@dc42 said in Z Probe - Omron PNP inductive sensor:
Do you have any deployprobe.g or retractprobe.g files that you didn't create yourself? If so, delete them.
One question related to that. Printer works very good and new 7" PanelDue works perfect.
Console gives every print error (web control and paneldue):
Warning: Macro file deployprobe.g not found.
Warning: Macro file rectractprobe.g not found.
Print goes ok, but want that warning pop-ups disappier. Can i modify config or some file that kind not get that errors with that two files what i deleted.
If you're using the piezo as endstop, then don't use the Z endstop.
M574 X2 Y2 S0 ; Set active low endstops
This is configured for a PrecisionsPiezo v2 board, I'm pretty sure that any of their other products would be similar, though you might choose different height/speed.
; Z Probe
M558 P8 H8 F780 I1 T9000 R0.8 Z1 ; Set Z probe type to unmodulated and the dive height + speeds
I see that the Z1 parameter is now marked as obsolete.
P8 sets the piezo as unfiltered, and is somewhat better than P1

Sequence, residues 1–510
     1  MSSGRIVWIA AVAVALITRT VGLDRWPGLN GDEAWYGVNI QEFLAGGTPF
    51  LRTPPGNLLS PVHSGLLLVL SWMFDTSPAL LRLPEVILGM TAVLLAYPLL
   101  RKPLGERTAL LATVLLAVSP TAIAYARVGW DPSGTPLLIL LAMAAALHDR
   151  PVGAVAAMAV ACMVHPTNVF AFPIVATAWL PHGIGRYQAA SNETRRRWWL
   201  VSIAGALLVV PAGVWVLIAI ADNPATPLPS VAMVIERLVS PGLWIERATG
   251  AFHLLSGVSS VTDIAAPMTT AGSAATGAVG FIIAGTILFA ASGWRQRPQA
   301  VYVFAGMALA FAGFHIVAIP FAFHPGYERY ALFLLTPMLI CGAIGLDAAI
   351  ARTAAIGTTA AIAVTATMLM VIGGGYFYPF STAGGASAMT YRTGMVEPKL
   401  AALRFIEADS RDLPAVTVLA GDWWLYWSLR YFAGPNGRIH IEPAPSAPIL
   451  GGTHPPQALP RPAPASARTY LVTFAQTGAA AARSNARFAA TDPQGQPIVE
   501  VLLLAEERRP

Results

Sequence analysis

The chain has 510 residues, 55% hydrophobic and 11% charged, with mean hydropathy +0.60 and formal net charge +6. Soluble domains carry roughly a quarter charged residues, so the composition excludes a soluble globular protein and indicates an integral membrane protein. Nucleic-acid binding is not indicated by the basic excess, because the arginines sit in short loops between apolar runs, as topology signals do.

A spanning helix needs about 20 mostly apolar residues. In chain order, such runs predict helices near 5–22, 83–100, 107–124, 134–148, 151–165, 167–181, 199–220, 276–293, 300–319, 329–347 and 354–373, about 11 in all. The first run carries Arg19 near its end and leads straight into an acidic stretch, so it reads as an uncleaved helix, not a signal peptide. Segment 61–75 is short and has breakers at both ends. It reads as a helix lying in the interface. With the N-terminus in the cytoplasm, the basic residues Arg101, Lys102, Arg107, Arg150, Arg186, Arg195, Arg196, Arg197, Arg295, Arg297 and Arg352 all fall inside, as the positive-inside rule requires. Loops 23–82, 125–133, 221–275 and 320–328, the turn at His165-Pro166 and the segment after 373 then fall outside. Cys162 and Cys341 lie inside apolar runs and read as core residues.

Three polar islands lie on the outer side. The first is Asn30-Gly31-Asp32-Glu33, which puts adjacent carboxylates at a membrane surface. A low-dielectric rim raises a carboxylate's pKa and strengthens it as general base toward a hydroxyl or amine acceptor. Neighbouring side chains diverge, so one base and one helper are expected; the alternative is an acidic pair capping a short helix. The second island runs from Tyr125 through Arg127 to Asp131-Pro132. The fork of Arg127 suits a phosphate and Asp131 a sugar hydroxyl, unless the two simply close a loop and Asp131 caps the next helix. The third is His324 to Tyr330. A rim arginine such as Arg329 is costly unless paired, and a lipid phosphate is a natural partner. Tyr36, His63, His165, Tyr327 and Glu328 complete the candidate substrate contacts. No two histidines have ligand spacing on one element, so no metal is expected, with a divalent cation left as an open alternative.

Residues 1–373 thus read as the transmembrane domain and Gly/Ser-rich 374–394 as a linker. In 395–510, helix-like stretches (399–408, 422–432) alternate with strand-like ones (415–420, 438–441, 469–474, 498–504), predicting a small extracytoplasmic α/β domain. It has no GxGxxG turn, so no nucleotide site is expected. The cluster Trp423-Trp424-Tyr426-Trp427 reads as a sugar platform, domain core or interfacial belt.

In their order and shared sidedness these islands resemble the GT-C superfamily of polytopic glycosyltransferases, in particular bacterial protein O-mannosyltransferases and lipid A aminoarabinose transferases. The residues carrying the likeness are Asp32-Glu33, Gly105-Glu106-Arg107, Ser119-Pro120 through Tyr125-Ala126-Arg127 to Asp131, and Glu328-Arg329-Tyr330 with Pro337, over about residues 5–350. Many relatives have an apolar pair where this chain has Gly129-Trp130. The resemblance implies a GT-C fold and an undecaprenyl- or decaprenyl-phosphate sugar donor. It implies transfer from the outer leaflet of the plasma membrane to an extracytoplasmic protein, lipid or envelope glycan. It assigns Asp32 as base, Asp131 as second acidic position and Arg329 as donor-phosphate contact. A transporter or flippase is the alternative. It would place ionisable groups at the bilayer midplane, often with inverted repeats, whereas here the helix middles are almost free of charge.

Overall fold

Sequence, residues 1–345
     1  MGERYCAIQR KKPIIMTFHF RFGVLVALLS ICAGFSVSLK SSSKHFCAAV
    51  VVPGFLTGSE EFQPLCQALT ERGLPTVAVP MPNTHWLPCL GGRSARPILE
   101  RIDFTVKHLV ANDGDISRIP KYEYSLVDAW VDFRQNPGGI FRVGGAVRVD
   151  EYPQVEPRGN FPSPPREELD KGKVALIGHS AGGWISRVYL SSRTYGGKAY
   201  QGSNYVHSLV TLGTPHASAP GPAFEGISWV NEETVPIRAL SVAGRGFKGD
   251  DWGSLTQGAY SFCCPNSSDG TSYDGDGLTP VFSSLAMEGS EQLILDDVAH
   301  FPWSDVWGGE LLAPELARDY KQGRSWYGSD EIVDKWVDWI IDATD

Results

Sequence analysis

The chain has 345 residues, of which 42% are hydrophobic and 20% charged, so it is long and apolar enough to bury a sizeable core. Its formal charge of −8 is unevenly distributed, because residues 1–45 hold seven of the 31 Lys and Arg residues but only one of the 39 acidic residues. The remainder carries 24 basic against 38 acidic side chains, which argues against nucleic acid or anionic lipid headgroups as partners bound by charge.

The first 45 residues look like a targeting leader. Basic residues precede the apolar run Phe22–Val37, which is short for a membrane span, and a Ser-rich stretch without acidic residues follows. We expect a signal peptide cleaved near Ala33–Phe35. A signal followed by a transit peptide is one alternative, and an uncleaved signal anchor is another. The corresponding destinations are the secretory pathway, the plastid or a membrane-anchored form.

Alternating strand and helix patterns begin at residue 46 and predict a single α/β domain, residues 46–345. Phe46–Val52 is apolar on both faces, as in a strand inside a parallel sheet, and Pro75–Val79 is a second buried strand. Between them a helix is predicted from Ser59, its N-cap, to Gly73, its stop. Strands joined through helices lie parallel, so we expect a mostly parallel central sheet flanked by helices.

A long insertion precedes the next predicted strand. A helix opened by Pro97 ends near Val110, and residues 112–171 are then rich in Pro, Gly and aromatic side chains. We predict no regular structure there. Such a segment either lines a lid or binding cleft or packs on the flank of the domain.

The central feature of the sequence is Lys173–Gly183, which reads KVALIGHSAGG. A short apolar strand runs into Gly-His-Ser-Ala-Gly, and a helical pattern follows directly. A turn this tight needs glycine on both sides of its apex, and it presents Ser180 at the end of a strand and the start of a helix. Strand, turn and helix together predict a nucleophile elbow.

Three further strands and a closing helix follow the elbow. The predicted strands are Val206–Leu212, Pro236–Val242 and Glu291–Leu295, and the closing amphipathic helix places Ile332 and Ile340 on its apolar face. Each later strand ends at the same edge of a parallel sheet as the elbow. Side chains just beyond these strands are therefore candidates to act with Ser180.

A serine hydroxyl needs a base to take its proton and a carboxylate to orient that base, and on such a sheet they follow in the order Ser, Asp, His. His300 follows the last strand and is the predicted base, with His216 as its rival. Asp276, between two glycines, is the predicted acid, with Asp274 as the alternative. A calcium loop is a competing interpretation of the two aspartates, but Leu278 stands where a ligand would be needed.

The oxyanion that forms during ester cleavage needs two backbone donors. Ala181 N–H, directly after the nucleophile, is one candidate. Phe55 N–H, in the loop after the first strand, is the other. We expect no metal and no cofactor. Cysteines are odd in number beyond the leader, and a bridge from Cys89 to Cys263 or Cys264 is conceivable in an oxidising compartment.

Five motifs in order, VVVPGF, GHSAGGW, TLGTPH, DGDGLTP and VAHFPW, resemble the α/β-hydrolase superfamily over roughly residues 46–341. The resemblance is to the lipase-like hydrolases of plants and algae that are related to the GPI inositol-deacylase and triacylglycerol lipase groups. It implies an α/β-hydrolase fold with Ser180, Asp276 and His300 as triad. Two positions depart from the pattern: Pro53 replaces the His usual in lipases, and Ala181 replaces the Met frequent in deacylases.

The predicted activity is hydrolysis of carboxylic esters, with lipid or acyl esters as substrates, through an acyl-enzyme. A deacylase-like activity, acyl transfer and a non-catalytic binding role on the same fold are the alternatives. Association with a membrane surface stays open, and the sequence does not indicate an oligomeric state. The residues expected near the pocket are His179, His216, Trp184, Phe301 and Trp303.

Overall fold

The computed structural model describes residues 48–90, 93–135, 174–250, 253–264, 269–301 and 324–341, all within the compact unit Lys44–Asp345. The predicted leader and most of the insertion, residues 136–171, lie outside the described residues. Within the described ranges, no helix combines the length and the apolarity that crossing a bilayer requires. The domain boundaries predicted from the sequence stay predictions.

H8 sets the dive height. I wanted a bit more so that I could use really low accel and reach the higher speed when I was debugging.
F780 was to get 13mm/s. this is faster than needed, and was set that way for debugging when I was dialling things in (The example is from an older backup of my config.g file.)
I1 to invert the signal,
T for travel speed. I guess I just wanted "as fast as the axes were defined."
and R for a delay to let the printer settle and avoid false triggers.
@papilio said in PWM possible for AC Aquarium pump?:
Just wondering @sigxcpu ... I was looking through posts and found
Is your PWM for the pump at the suggested ~F25500?
The 12V one is
M106 P0 F20000 L60 B0 C"cool"